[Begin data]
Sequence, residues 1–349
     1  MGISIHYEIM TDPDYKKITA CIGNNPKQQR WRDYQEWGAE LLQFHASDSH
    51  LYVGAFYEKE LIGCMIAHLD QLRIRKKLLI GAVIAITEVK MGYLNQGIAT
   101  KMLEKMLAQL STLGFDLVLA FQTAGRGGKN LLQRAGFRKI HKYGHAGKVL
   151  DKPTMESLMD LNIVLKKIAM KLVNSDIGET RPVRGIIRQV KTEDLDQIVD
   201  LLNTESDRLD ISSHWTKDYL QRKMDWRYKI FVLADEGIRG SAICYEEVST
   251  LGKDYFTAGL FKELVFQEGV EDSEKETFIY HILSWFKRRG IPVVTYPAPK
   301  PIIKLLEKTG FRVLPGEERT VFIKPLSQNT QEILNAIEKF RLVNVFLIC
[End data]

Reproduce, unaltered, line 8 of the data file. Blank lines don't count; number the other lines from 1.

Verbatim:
   301  PIIKLLEKTG FRVLPGEERT VFIKPLSQNT QEILNAIEKF RLVNVFLIC